Cabin Bear Heat Box Set(6)

By: Bella Love-Wins

He was only thirty minutes from town on a good day, but from what he had already seen of the snow for the first ten minutes of his drive home, he knew it would take at least twice as long. Every few minutes, the visibility worsened, and it was still daytime.

He put the windshield wipers on full cycle, and still had to lean forward to see out the front windshield. The roads wound tightly around treacherous ledges as they led down from the main road to his side street. Even with the barriers, he had to keep a sharp eye on the turns. His family had owned the property he lived on since he was a boy, and they would visit every summer. With that type of familiarity, he knew every blind curve and twist of the road. When the weather turned like this, however, and turned this quickly, every side street looked the same, and every curve was a potential death trap.

Still, he preferred to be there. He had to be out here. He needed the seclusion and isolation of living at the cabin and having the place to himself—most of the time. He had the space, the necessities, some of the modern conveniences, beautiful vistas, and most of all, he could keep a safe enough distance from people. It was the best way to ensure his secret would be guarded. With this distance, nothing could happen to anyone close to him again—and no one new could get close.

After he left his medical practice, the only companionship he got at the cabin was during the intermittent visits by his father when he was passing through, or needed board member documents and contracts signed. Sometimes his father would pop by under the guise of conferring with him for input, when in fact he was checking in on his only son. Andrew would simply repeat whatever his dad said, just to get him to leave sooner. His father wasn’t stupid—he saw right through the evasive antics; yet he still entertained them. Andrew had already made it clear that whenever his father passed him the reins to the family’s multi-billion dollar empire, he would simply assign some sharp executive as chairman and CEO. He was never built for running the family business, and his father knew it. Still, Dad felt he was helping Andrew during these visits—and maybe he was.

Andrew’s sister never visited anymore. He and Joy had been so close growing up, but all that changed when she left Lake Tahoe that last time, over five years ago. Somehow, when her almost-arranged marriage didn’t pan out, she became obsessed with the man and refused to listen to Andrew’s pleas for reason. It was a shame, too. There were so many men who had been interested in her. Like many before her, she wanted the one man she couldn’t have. And when Andrew confronted her so she could finally open her eyes and move on to have a life after Matthew Lewis, she cut him out of her life.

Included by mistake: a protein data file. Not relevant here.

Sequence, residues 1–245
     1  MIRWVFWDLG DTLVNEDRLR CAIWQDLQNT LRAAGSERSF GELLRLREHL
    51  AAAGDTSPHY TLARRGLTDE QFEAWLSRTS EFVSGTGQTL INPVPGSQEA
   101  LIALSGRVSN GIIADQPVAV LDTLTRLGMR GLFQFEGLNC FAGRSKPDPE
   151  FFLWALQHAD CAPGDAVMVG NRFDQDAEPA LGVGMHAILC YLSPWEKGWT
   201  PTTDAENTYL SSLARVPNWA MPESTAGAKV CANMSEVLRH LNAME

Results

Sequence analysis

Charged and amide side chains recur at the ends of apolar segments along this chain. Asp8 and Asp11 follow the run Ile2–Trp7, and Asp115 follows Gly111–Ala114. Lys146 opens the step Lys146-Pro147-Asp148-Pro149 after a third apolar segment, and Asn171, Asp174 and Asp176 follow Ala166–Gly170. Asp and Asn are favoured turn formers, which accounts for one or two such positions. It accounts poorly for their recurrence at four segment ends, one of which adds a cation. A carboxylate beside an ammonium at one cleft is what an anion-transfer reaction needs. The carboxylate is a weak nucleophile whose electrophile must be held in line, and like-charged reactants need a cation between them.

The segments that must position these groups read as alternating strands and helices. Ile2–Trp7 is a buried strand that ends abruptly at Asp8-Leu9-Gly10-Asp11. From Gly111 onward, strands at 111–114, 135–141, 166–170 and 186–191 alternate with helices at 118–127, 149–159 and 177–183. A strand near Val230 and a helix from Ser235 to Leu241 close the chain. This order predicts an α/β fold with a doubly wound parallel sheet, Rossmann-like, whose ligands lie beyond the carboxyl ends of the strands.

It really was her loss, after all. She was missing out on her annual visits to the best place in the world, the way he saw it. After the accident, Andrew had often thought about reaching out to her for emotional support. That was what family was supposed to be there for. Knowing Joy, it was probably for the best that she did not know the secret. Only Andrew, his father and the seven medical personnel who were in the hospital room with him that night had witnessed his transformative experience. His father had gone to great lengths to keep it that way. He breathed out a sigh, gripped the steering wheel tighter, and shifted his focus back to getting home in one piece.

During the final few minutes of driving home, it was nearly impossible to see a thing in front of the car. As he got closer to the lake, the winds blew colder and more powerfully. There seemed to be ten times more snow blowing around. The flakes were large and puffy and mesmerizing through the windshield. He did everything he could to avoid thinking back to the accident. It had happened during a heavy snowfall just like this.

Come on, Andrew. It’s not the time or place.

He slowed down to an almost crawling speed, careful not to miss his turnoff, marked only by a break in the long tree line of tall red firs and Jeffrey pines. At the beginning of the driveway to their property sat a wooden wagon wheel on one side, and an oversized boulder on the other. The boulder had their house number etched onto it. By the time he made it home, the boulder looked like kids had spent hours shaping it into a snowman. All that was missing was a scarf and a carrot for a nose. Luckily, the top few inches of the wagon wheel spokes were still visible.

He turned onto his long driveway and carefully coasted the last few hundred yards down the slight slope to the main doors of the cabin. It would be quicker to unload the groceries and supplies before parking in the garage. It was smarter than making five or six trips across the hundred or so yards between the house and the garage structure, especially with the intensifying weather. With the way the snow was blowing, it would be a pain for the automatic garage doors to close all the way, after five or six trips with the garage door up. He unloaded the supplies, dropping them inside the front door over a few trips, and parked the car in the garage.

Tempted to bring in some extra firewood from the shed, he turned and thought for a moment. The shed sat beside the large guest house three hundred yards from the main house. There was so much to do inside to get ready for the weather system coming in. It would be simpler to load the firewood onto the Ski-Doo trailer and make one trip after he put the groceries away.

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